US5856826A - Method and apparatus for organizing window groups and windows in a table - Google Patents

Method and apparatus for organizing window groups and windows in a table Download PDF

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US5856826A
US5856826A US08944713 US94471397A US5856826A US 5856826 A US5856826 A US 5856826A US 08944713 US08944713 US 08944713 US 94471397 A US94471397 A US 94471397A US 5856826 A US5856826 A US 5856826A
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window
windows
group
system
application
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Timothy J. Craycroft
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Apple Inc
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Apple Inc
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    • GPHYSICS
    • G06COMPUTING; CALCULATING; COUNTING
    • G06FELECTRIC DIGITAL DATA PROCESSING
    • G06F3/00Input arrangements for transferring data to be processed into a form capable of being handled by the computer; Output arrangements for transferring data from processing unit to output unit, e.g. interface arrangements
    • G06F3/01Input arrangements or combined input and output arrangements for interaction between user and computer
    • G06F3/048Interaction techniques based on graphical user interfaces [GUI]
    • G06F3/0481Interaction techniques based on graphical user interfaces [GUI] based on specific properties of the displayed interaction object or a metaphor-based environment, e.g. interaction with desktop elements like windows or icons, or assisted by a cursor's changing behaviour or appearance
    • GPHYSICS
    • G06COMPUTING; CALCULATING; COUNTING
    • G06FELECTRIC DIGITAL DATA PROCESSING
    • G06F9/00Arrangements for program control, e.g. control units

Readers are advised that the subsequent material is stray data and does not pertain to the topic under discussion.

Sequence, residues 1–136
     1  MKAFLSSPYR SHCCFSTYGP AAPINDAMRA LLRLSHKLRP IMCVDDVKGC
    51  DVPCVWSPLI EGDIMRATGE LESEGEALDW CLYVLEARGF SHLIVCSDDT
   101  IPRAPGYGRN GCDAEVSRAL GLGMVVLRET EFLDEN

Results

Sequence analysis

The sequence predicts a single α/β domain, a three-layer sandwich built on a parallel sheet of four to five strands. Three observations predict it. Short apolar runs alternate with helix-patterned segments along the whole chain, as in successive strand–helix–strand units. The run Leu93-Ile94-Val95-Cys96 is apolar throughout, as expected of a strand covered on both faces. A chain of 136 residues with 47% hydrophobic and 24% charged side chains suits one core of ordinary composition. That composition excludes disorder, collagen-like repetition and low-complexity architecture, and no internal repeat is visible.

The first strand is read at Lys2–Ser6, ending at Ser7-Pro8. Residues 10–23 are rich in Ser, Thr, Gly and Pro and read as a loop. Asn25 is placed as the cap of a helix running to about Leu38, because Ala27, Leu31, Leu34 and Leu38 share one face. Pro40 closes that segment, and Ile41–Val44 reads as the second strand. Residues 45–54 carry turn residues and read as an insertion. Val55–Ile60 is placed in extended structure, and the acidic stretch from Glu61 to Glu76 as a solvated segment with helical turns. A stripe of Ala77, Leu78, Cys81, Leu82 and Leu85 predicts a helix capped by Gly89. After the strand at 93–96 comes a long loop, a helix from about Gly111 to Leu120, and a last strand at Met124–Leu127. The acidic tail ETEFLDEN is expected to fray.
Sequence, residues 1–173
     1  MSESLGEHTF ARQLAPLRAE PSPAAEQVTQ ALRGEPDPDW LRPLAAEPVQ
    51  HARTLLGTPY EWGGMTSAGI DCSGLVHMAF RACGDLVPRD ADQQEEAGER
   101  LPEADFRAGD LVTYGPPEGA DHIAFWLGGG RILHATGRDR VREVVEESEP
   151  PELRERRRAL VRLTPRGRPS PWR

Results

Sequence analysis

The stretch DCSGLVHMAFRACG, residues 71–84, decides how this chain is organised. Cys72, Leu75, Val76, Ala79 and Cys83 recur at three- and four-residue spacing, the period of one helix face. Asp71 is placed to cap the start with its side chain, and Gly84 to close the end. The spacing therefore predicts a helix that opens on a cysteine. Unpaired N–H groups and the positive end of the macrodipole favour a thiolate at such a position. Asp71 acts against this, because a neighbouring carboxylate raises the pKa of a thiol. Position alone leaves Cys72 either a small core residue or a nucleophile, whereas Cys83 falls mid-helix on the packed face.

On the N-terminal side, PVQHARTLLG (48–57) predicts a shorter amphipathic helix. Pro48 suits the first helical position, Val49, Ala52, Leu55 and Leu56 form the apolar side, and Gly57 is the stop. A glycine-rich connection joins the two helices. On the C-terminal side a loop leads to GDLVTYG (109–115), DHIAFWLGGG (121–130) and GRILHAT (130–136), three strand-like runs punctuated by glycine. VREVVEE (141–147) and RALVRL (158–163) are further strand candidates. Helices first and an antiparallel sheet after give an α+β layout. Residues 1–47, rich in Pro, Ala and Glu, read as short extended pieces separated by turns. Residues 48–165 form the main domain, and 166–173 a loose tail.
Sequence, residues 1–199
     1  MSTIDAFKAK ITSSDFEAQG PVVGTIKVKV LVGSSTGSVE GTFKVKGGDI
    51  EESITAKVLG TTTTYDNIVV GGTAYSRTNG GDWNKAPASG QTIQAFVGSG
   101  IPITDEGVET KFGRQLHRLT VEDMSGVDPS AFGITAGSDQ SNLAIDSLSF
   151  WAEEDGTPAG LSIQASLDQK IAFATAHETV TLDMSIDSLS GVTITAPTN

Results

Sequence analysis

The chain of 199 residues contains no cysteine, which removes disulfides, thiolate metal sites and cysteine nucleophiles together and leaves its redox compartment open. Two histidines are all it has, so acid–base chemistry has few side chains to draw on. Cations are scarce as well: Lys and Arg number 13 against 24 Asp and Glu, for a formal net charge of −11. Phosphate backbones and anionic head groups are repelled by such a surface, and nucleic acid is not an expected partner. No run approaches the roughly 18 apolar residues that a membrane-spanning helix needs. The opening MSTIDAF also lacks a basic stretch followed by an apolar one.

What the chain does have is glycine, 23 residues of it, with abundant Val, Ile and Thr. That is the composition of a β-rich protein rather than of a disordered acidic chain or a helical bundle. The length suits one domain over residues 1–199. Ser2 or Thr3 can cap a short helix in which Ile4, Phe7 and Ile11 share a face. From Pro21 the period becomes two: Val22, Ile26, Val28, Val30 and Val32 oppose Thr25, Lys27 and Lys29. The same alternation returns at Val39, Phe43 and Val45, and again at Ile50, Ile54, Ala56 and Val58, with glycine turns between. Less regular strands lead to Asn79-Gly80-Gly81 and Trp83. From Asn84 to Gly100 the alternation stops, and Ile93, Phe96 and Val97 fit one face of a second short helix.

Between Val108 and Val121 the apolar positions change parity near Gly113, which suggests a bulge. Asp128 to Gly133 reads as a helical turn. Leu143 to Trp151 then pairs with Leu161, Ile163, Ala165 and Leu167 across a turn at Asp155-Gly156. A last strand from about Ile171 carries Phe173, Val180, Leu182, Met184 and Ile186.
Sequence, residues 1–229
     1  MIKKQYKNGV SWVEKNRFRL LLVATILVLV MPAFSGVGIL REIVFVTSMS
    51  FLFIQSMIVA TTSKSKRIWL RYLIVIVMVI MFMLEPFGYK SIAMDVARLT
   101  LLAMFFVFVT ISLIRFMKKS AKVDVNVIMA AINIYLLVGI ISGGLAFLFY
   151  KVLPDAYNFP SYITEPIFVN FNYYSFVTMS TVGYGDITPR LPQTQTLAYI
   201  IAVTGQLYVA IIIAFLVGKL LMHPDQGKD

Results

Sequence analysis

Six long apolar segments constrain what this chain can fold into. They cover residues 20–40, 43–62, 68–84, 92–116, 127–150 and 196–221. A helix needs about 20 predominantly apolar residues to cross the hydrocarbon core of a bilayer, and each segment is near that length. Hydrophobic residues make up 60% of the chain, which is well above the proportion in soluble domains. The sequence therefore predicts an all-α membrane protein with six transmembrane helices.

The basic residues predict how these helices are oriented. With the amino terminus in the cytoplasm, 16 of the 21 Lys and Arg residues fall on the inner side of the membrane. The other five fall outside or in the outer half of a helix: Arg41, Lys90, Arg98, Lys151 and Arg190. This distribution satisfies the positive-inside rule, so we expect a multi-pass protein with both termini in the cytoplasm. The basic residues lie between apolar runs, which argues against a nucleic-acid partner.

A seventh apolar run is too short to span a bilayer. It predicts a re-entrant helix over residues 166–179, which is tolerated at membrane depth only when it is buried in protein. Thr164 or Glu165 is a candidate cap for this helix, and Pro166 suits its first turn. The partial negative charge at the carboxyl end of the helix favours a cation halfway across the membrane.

• G06F9/06Arrangements for program control, e.g. control units using stored programs, i.e. using an internal store of processing equipment to receive or retain programs
    • G06F9/44Arrangements for executing specific programs
    • G06F9/451Execution arrangements for user interfaces

Abstract

"A method and apparatus for organizing windows to be displayed on a screen of a computer system into window groups by attribute, function, content, or any arbitrary characteristic. A window's membership in a window group is also assigned a status that determines whether the window, upon selection, is displayed individually or as part of that group. Each window may simultaneously belong to a plurality of window groups. A data structure may be formed in a table where windows represent rows and window groups represent columns".

Description

This application is a continuation of Ser. No. 08/540,010, filed Oct. 6, 1995.

FIELD OF THE INVENTION

The present invention relates generally to the organization and display of windows on a display screen of a computer system. More specifically, the present invention relates to a method and apparatus for grouping windows by any arbitrary characteristic.

BACKGROUND OF THE INVENTION

A computer system typically includes a monitor having a display screen for presenting information, such as text and images, to the user. The display screen can be configured into a window environment in which separate areas of the display screen, called windows, are established. Each window, which is typically rectangular in shape, can present or represent different information or different views of the same information. Examples of popular software systems that employ window environments are the System/7® operating system developed by Apple Computer, Inc. and the Microsoft Windows ® operating system, which is commercially available from Microsoft Corporation.

A window manager controls the size and position of each window on the display screen. The window manager is a set of system software routines, located within the computer's operating system, that is responsible for managing the windows that the user views during operation of the computer system. The window manager keeps track of the location and size of each window and the window areas that must be drawn and redrawn in response to commands issued by application programs executing on the computer system. These commands, which may include move windows, change window sizes, etc., are generated and sent by the application program to the window manager via application programming interfaces (APIs). APIs typically include a collection of system calls requesting services from the operating system.

Each application program executing on the computer system typically defines a set of windows that are associated with that application. For example, a drawing application may define a window into which a user "draws" images as well as palette windows which contain tools, such as pencil, color, etc., for drawing those images. Similarly, a word processing application may have a window into which text is entered as well as palette windows containing the tools, such as cut, paste, paragraph numbering, etc., available to manipulate the text.